Montana running amok. . .again

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For the backstory on Montana's war on affordable funerals, see:

Montana Funeral Directors Try to Shut Down Competition

Montana: The Divine Right of Undertakers II

The state's funeral industry and its regulatory handmaidens just won't quit. The latest? Proposed revisions to the Board of Funeral Service's regulations that would sneakily put low-cost, direct-to-consumer crematories out of business. How? By making it illegal for a crematory operator to do the most basic, necessary tasks on his own :

  • Crematory operators would be barred from removing pacemakers (which state law requires, and which could blow up if not removed before cremation) unless they did so in a fully-equipped embalming room in a full-service mortuary. This would be like offering a Jiffy Lube from changing a car's oil unless it did so in a full-service car dealership with diagnostic computers and emissions-control equipment.

    Since no full-service mortuary is going to let a crematory competitor use its embalming room, or would charge a fee, or since the embalming room would be physically distant, this effectively prohibits cremation businesses from operating independent of a competitor.

  • Crematory operators could not even wash, dress, or comb the hair of a deceased person outside the walls of a full-embalming suite at a full-service mortuary. 

  • Anyone selling any kind of funeral—full-service, basic, or cremation-only—could only discuss it with the customer within the physical building of a full service funeral home or branch, unless otherwise requested by the customer. No, it doesn't make much sense to us either, but it appears to be another way to make business impossible for honest, reasonably priced businesses like Central Montana Crematorium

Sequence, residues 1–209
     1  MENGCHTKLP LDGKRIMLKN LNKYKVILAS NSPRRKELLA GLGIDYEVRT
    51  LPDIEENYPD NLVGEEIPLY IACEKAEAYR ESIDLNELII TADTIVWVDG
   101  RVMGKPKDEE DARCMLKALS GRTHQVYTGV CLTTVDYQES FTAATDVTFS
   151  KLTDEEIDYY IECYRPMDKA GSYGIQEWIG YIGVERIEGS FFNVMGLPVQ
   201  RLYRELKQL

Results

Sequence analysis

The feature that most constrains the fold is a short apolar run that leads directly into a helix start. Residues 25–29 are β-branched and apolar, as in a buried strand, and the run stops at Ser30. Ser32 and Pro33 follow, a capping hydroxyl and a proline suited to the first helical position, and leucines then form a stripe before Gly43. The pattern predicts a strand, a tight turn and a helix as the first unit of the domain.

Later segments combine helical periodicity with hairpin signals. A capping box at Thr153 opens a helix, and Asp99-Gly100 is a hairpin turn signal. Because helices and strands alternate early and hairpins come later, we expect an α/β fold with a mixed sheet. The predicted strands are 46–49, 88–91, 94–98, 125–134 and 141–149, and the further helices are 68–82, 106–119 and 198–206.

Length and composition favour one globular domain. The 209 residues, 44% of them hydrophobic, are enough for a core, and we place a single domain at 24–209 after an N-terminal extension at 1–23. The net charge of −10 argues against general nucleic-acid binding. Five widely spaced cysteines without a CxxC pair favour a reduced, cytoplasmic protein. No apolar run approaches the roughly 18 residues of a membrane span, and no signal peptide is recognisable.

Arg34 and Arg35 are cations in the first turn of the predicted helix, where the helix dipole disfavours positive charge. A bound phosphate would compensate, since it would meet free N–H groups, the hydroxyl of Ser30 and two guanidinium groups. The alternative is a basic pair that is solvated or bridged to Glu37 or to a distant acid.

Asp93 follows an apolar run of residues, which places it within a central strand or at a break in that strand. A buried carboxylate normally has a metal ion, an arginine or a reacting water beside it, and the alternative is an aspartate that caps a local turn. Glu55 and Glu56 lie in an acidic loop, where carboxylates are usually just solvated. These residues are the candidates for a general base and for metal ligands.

Here's our letter to the state board, which we've also sent to the Governor's office. 

Last Updated ( Wednesday, 24 July 2013 14:59 )  
Comments (3)
1 Monday, 06 May 2013 17:56
jane hillhouse
Good job Josh.
Such nice clear writing!!
2 Friday, 31 May 2013 10:39
Burke Johnson
Help me undestand something, FCA. In this report you are fighting to allow additional funeral establishments to open as to increase competion. However, in your article "An Oversaturated Market" you seem to be adamant that Montana already has twice the number of funeral establishments that are reasonable and that an increased number of funeral establishments directly correlate to unreasonably high prices. Which philosophy should the followers of the FCA be embracing?
3 Thursday, 06 June 2013 12:52
Josh Slocum
Good question. First, no one should automatically follow any philosophy, obviously.

The trouble with the funeral market is that:

a). There *are* too many rooftops, on average, to support a profitable business and supply the death rate. It's simple arithmetic.

b). Most of those rooftops are old-guard funeral homes that are fighting to keep a monopoly on market share.

c). One of the ways they do this is by getting laws passed that restrict competition.

So, yes, there are too many funeral homes, but in order for the market to correct that the market needs to allow new types of businesses to open and compete. Like all large problems, this one is "lumpy," not a smooth puree. At any given time a town may have "too many" or "not enough" funeral homes as marketplaces change. That's not the same as looking at the broad, national average.

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